• The US Consumer Product Safety Commission has been said to have "the best account on Twitter" because of its absurd, often hilarious PSAs. One highlight is this image of Bird Ben Franklin partnering with a black-and-white photograph of Abraham Lincoln to tell American kids to quit eating laundry pods. Bird Ben Franklin is actually a character of his own, complete with lore: he's Benjamin Franklin, transformed into a top hat-wearing cardinal after a time-travel experiment gone wrong. He's part of the Birds for Human Safety Consortium, along with fellow chubby, hat-wearing birds Reggye the Wise, Stacy!, and Handsome Ron:
    "Four birds brought together by fate to protect people by delivering important safety messages. Bird Ben Franklin - the actual Ben Franklin turned into a bird after an experiment gone wrong and gifted a hat by Abraham Lincoln. Stacy! - Excited to be here. Looking sharp. Thinking sharp. Ready to lead. Reggye the Wise - named for a high performing CPSC Office of Communications intern. Queen. Ruler of all they see. Handsome Ron. European immigrant. Proud naturalized American citizen. Magical hat changes color and form depending on the season. Very handsome."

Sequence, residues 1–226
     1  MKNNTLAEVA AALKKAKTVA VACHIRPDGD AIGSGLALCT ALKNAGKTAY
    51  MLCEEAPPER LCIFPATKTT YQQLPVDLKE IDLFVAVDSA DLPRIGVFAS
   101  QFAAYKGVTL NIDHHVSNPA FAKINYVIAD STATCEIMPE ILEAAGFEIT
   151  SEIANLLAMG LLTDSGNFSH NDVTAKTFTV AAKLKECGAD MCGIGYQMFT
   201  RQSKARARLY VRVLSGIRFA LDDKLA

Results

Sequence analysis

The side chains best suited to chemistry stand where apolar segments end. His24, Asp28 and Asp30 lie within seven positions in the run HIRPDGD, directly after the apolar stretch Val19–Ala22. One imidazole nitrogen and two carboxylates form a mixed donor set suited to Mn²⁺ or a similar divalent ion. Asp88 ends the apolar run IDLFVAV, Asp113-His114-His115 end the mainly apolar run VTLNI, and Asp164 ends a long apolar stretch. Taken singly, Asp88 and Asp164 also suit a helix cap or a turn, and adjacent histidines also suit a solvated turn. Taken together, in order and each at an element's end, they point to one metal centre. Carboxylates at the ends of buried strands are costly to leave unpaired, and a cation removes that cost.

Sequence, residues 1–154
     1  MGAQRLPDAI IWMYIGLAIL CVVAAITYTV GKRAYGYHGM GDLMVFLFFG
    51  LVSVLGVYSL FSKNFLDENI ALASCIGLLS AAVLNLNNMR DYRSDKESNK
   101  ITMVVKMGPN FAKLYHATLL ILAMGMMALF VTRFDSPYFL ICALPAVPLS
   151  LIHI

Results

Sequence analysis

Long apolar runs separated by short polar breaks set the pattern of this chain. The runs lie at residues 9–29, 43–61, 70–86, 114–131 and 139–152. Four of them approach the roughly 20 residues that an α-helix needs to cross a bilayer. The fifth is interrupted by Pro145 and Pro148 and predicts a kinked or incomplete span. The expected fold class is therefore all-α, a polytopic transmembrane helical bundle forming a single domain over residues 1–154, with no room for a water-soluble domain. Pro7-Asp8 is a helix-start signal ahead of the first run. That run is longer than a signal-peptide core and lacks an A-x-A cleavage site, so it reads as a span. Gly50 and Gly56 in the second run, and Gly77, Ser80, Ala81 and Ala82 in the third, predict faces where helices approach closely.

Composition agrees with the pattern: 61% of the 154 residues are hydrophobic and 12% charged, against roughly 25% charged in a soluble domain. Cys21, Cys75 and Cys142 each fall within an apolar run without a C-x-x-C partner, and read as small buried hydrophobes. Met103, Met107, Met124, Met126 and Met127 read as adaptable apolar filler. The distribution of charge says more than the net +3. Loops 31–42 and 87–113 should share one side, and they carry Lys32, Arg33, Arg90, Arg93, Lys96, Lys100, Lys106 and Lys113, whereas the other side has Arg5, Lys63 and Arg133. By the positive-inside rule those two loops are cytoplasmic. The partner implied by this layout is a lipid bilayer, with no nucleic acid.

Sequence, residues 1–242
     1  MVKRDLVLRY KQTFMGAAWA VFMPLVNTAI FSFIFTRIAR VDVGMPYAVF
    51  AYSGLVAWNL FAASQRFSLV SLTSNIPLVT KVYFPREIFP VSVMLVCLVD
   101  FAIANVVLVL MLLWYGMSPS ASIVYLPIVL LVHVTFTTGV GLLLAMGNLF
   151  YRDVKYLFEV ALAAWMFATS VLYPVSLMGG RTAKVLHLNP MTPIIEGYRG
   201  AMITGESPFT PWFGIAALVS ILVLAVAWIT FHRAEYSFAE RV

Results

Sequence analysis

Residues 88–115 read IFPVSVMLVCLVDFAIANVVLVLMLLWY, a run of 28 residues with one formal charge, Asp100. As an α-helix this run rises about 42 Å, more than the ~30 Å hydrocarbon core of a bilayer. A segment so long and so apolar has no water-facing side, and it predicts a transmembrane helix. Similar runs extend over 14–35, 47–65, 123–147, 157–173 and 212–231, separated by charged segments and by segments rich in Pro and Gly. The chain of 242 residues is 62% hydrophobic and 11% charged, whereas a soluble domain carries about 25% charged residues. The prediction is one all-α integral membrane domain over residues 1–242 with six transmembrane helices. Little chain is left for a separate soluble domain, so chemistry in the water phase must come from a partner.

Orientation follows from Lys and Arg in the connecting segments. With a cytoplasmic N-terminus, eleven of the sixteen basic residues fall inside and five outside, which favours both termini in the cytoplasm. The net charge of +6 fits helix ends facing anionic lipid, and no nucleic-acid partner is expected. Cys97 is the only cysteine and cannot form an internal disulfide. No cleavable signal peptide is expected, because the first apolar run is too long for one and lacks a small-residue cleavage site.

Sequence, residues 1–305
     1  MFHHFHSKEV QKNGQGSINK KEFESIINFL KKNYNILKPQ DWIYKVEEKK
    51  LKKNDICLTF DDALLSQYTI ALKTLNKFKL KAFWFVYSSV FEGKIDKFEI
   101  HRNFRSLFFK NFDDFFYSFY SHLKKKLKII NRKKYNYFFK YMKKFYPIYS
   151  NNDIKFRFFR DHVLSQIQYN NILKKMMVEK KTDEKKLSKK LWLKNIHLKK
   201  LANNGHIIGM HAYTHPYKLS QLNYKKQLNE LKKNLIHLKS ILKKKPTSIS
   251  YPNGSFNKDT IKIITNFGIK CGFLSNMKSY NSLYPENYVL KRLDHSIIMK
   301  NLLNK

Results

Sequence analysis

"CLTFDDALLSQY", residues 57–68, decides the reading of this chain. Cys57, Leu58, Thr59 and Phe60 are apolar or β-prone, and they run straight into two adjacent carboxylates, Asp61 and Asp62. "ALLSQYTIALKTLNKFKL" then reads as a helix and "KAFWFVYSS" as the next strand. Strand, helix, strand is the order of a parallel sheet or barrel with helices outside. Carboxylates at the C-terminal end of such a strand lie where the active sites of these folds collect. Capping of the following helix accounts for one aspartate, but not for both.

• This anti-drink driving ad from New Zealand has a man deciding on if he should convince his buddy to crash at the party instead of driving home. Affectionately nicknamed "Ghost Chips" due to imagining his friend's ghost haunting him after and repeatedly offering him chips, it's certainly one of the more light-hearted ads featuring the potential dangers of drink driving. It's so popular, it was even spoofed by a two-man group.
  • The Canadian PSA where zombies suddenly attack a group of construction workers might have scary moments due to how intensely scary the zombie attack and details were, but the narration might end up giving you chuckles.
    Narrator: Workplace injuries and deaths are preventable. If there is a random zombie attack, run like a motherf**ker.